Experience has demonstrated that successful teams are empowered to establish some or all of a team's goals, to make decisions about how to achieve these goals, to undertake the tasks required to meet them and to be mutually accountable for their results. There are several characteristics of an effective team. These include: •Clear purpose - The vision, mission, goal or task of the team has been defined and is now accepted by everyone. This is an action plan. •Informality - The climate tends to be informal, comfortable and relaxed. There are no obvious tensions or signs of boredom. •Participation - There is much discussion and everyone is encouraged to participate. •Listening - The members use effective listening techniques such as questioning, paraphrasing and summarizing to get out ideas. •Civilized disagreement - If there is disagreement, the team must be comfortable with this and show no signs of avoiding, smoothing over or suppressing conflict. •Consensus decisions - For important decisions, the goal is substantial but not necessarily unanimous agreement through open discussion of everyone's ideas, avoidance of formal voting or easy compromises. •Open communication - Team members feel free to express their feelings on the tasks as well as on the group's operation. There are few hidden agendas. Communication takes place outside of meetings. •Clear roles and work assignments - There are clear expectations about the roles played by each team member. When action is taken, clear assignments are made, accepted and carried out. Work is fairly distributed among team members. •Shared leadership - While the team has a formal leader, leadership functions shift from time to time depending on the circumstances, the needs of the group and the skills of the members. The formal leader models the appropriate behavior and helps establish positive norms. •External relations - The team spends time developing key outside relationships and mobilizing resources, then building credibility with important players in other parts of the organization. •Style diversity - The team has a broad spectrum of team-player types, including members who emphasize attention to task, goal setting, focus on process and questions about how the team is functioning. •Self-assessment - Periodically, the team stops to examine how well it is functioning and what may be interfering with its effectiveness. Reference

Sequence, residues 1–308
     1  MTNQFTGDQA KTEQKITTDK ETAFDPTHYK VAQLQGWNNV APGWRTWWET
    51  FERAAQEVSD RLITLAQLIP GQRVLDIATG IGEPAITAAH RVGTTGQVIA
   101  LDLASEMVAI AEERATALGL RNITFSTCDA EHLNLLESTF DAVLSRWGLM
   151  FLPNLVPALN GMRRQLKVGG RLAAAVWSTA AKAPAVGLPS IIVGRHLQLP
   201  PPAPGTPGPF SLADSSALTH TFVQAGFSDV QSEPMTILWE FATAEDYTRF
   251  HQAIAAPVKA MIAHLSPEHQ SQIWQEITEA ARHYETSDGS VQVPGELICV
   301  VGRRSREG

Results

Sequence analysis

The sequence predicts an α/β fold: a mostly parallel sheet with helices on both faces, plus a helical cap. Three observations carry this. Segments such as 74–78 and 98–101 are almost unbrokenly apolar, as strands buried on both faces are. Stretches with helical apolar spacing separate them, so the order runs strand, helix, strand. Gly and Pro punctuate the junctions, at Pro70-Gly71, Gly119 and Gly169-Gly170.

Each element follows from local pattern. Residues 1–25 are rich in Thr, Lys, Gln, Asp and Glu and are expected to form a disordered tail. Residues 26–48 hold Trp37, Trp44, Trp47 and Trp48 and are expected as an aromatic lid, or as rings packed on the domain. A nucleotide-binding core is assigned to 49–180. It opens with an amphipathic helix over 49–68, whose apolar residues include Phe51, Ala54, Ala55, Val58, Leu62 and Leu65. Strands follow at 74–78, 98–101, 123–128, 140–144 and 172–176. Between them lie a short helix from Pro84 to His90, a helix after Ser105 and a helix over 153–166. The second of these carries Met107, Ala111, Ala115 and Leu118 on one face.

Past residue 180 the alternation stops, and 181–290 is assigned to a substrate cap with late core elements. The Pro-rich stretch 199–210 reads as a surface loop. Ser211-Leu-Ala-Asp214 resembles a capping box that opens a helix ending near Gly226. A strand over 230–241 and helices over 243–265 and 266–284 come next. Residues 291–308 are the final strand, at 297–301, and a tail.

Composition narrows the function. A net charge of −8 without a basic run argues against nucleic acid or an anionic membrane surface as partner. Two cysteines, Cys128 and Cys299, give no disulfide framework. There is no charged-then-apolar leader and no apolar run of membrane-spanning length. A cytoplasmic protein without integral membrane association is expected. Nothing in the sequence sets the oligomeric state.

http://www.missouribusiness.net/sbtdc/docs/characteristics_effective_team.asp Retrieved April, 11, 2011
Some of the advantages of team work are:
a combination of strengths -especially if the team has been chosen carefully, you can get a good range of abilities, fields of expertise and personality types, so for every situation there should be at least one person who can deal with it.
a range of opinions - if "two heads are better than one," six can be better still - a group meeting is often very useful for ironing out flaws in a plan, testing it out, spotting pitfalls etc. (though if your team is too big, it can be difficult to reach decisions.)
divided responsibility - while ultimate responsibility rests with the team leader, not much can be achieved without an effective team. The team structure allows those who have strengths in a particular area to take more responsibility for that area.
team spirit - a good team, well led, creates loyalty in its members. Not wanting to let your team-mates down can be a powerful motivating force, as can the sense of pride in being part of a successful group. A little rivalry between the team members is also quite healthy as long as it doesn't get out of hand. Will Martin Teams working well deliver better results faster than any one individual could ever hope to do. Yet challenges often get in the way of delivering the great results that are possible. So what are 5 common team working challenges and what can you do about them? Challenge 1: Personal agendas...